Ideally, the topic itself must be amenable to visual depiction. What you want is an appealing display that will raise attendees' curiosity: limit text to a minimum, simplify your argument, use maps, graphics, charts, and pictures/photographs to the fullest. The form of your poster will depend on your goal, but your display should always have two fundamental characteristics: clarity of display and clarity of argument. (See sidebar for web sites that provide helpful information on creating effective posters.)
The AHA will provide a table that will allow you to display a three-panel (folded) poster board. In addition, you might also want to use your laptop and offer a PowerPoint presentation that will complement your poster session and furnish supplementary visual materials and/or sound bites (music, interview excerpts). Please note that the AHA cannot provide audiovisual equipment for poster presentations but will provide electrical outlets near the presentation table. Do not forget to carry business cards and a stack of handouts (50 is generally recommended) that summarize your presentation. You might want to collect contact information so you can mail or e-mail the full paper (or the outline) to those interested. Also, bring any other equipment you may need, including tacks and other essentials. Please note that the AHA cannot provide these nor can it provide an Internet connection, computer, or projector.
E. Precirculated Paper Sessions
There will about 10 precirculated paper sessions in Philadelphia. Precirculated paper sessions are designed for expanded discussion with the audience and might be structured as roundtables/discussions. Papers for these sessions will be available online in early December—a note will go out to members reporting their availability. These sessions are most effective when attendees have read papers prior to the meeting, but they do not preclude attendance by individuals without prior knowledge of the papers, because panelists will make brief summary presentations at the actual session. Presenters using this format are encouraged to explore its full potential—such as integrating graphs and pictures into their papers. The precirculated paper sessions offered by the AHA this coming year range from three to five presentations, with a chair or organizer, and with or without commentator.
F. Experimental Sessions
The AHA offers only one experimental session in 2006, which consists of a conversation about public history between academic historians and representatives of local museums and historic sites, and followed by field trips. The AHA hopes to host more experimental sessions at future meetings. We introduced this category to accommodate presenters who wish to offer presentations outside the format of the above categories. This format best fits innovative sessions that use multimedia, readings, and performances or experiments with new structures (such as sessions in which presentations are collective efforts or sessions followed by activities taking place outside the convention center). Although experimental sessions are, by definition, fluid and flexible, it is important for organizers of such panels to keep in mind the ability of the session to reach an audience, and the timing of the session.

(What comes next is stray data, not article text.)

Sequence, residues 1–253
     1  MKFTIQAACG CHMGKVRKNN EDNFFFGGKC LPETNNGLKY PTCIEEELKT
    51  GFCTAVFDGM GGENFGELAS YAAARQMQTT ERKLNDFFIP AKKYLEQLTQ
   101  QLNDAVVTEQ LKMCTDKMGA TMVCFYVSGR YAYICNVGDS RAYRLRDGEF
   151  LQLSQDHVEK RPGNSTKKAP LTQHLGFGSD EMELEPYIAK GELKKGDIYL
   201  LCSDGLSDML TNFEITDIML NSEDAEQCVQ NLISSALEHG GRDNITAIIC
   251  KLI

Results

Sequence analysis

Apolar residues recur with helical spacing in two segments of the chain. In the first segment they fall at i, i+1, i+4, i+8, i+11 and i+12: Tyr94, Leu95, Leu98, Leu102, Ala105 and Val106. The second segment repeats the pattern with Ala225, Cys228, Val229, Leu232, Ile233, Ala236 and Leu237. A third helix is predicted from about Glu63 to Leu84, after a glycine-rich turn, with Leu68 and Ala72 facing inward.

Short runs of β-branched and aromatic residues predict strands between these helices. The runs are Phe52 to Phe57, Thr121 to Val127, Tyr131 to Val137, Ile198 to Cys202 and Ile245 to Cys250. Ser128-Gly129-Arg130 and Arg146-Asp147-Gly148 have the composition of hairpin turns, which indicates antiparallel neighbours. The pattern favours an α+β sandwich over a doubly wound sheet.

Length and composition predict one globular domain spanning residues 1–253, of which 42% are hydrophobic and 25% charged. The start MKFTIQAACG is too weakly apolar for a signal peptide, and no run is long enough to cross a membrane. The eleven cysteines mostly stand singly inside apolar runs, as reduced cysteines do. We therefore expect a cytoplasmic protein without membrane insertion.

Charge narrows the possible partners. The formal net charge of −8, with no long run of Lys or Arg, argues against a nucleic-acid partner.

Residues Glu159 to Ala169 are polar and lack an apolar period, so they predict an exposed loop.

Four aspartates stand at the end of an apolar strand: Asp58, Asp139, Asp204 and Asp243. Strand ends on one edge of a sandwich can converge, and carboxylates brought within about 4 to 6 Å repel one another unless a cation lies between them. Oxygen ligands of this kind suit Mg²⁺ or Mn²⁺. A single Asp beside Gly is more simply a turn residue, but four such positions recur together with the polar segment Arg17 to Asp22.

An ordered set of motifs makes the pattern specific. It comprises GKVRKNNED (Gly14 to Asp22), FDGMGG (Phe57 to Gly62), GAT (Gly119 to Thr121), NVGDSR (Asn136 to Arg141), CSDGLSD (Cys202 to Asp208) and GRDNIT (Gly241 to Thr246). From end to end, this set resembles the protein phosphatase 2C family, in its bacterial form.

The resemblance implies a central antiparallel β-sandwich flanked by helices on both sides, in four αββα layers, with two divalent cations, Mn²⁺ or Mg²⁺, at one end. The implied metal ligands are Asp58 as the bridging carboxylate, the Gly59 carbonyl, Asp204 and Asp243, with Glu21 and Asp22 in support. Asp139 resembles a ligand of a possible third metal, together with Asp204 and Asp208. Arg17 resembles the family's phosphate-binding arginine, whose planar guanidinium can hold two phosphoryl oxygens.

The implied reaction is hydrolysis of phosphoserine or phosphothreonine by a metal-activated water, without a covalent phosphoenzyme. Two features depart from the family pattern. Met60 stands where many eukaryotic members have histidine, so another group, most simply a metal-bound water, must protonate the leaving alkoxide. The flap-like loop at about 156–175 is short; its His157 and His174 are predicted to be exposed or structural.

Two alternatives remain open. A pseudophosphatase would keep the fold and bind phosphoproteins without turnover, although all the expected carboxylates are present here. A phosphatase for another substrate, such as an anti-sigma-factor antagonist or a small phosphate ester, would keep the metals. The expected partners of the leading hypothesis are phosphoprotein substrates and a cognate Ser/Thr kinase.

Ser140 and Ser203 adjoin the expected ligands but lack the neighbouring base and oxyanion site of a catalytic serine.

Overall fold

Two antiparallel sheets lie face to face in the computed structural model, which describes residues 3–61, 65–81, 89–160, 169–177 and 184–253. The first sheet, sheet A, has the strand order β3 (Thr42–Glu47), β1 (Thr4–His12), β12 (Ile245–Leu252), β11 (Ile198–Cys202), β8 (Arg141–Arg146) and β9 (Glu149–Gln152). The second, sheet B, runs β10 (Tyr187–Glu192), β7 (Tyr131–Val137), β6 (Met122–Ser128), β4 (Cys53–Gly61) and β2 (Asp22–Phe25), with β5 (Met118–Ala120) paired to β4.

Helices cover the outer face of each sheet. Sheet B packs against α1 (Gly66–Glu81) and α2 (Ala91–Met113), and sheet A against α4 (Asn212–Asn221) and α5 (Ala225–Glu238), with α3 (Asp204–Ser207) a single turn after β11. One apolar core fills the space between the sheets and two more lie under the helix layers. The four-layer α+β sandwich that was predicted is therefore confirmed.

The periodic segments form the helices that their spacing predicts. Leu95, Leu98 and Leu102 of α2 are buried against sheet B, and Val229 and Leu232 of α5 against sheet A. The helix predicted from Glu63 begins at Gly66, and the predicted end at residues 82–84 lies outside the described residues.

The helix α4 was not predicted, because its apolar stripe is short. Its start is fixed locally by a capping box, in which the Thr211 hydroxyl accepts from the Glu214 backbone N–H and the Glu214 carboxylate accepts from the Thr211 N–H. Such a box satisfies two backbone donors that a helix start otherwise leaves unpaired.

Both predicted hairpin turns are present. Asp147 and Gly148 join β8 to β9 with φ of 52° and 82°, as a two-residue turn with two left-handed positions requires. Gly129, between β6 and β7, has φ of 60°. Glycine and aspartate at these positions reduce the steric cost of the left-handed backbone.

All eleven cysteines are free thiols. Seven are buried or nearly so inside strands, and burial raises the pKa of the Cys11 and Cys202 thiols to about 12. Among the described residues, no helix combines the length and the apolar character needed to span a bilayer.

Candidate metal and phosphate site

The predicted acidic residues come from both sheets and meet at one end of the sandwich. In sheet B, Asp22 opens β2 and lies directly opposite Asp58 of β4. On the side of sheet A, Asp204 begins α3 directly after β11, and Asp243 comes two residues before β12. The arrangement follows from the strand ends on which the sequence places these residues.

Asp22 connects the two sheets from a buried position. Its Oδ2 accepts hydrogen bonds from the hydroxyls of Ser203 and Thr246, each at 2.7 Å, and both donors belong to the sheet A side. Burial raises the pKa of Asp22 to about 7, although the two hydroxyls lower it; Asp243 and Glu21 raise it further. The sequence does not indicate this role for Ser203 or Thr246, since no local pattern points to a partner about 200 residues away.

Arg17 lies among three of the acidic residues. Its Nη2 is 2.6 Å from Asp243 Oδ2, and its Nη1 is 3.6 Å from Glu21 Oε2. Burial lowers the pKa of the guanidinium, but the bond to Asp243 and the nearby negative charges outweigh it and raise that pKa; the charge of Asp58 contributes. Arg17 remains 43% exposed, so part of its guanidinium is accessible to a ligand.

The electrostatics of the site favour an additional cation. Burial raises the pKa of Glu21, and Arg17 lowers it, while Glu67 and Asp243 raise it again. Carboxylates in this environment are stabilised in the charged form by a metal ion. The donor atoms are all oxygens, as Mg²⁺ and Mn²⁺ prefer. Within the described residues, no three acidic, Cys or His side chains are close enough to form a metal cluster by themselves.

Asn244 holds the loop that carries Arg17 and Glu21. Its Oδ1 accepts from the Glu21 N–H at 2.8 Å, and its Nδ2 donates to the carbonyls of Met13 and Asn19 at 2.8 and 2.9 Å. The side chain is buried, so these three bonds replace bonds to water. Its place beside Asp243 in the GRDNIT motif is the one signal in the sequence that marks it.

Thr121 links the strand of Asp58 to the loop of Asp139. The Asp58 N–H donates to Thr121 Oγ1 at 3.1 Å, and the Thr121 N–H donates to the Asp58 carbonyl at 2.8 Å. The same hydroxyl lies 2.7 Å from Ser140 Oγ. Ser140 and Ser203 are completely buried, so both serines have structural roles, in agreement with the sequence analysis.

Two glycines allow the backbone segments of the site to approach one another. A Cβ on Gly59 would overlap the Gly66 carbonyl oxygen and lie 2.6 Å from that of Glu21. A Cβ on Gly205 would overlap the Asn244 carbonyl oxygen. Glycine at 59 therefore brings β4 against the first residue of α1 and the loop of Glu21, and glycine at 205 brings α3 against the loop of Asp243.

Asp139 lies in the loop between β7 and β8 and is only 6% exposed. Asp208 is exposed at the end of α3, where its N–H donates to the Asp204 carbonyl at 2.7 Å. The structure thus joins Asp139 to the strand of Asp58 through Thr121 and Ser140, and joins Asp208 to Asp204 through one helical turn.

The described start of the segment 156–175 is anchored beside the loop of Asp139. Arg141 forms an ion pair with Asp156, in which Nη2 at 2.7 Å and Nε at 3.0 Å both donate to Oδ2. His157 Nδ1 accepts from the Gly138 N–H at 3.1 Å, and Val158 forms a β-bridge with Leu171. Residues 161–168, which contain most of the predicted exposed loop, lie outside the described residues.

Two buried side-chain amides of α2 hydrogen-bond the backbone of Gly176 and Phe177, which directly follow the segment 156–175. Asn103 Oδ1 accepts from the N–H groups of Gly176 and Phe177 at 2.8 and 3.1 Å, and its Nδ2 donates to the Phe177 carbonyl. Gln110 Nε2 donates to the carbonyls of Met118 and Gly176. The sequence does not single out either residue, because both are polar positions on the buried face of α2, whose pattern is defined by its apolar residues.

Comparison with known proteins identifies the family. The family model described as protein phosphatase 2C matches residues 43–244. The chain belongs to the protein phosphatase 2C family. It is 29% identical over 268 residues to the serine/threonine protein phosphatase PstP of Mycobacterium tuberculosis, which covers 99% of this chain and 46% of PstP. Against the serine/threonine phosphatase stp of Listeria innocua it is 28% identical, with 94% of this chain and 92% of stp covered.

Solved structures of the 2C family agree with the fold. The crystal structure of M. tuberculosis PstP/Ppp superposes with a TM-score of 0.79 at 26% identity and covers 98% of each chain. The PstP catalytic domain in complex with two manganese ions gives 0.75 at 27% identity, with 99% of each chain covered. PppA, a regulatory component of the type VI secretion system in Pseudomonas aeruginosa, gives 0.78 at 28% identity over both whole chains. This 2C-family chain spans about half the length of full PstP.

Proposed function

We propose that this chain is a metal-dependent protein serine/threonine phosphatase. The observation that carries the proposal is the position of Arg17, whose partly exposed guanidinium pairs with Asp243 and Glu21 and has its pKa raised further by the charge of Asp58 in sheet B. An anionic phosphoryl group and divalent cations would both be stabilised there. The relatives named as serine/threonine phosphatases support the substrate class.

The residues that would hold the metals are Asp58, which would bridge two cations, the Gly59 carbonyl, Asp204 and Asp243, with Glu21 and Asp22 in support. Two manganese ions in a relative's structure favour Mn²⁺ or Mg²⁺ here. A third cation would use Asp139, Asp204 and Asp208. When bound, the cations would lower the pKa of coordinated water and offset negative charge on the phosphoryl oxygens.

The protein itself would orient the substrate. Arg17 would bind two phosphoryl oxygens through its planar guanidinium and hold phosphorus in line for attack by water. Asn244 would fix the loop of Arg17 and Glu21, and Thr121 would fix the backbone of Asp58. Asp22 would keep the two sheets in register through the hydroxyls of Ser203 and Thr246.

Tips for Preparing Exhibits/Posters
The simpler your display, the clearer. Use only one style, one conventional font; and a clear background, preferably white. Think of exhibits that please your eye and mind. We recommend your display materials to be readable at a distance of 5 to 10 ft. We also urge you to use at least 48 pt font for titles and 36 pt for body text and tables. Many web sites give practical advice on how to set up an exhibit/poster. The following is especially useful:
- Colorado State University: http://writing.colostate.edu/guides/speaking/poster.
- George Mason University (GMU) writing center site for examples of PowerPoint poster presentations:
- American Anthropological Society (AAS): http://www..aaanet.org/mtgs/poster.htm.
- American Association for the Advancement of Science: http://www.aaas.org/meetings/Annual_Meeting/02_PE/Posters.shtml#presentation.
—Mériam Belli is research associate for the AHA's Research Division.
1. In their enthusiasm to have all views represented, some panel organizers for the Philadelphia meeting have included up to 8 presenters in their discussion/roundtable session. They will have to be particularly careful to time their presentations—perhaps by making them briefer still—to leave sufficient time for the discussion, which is after all, the raison d'être of the format.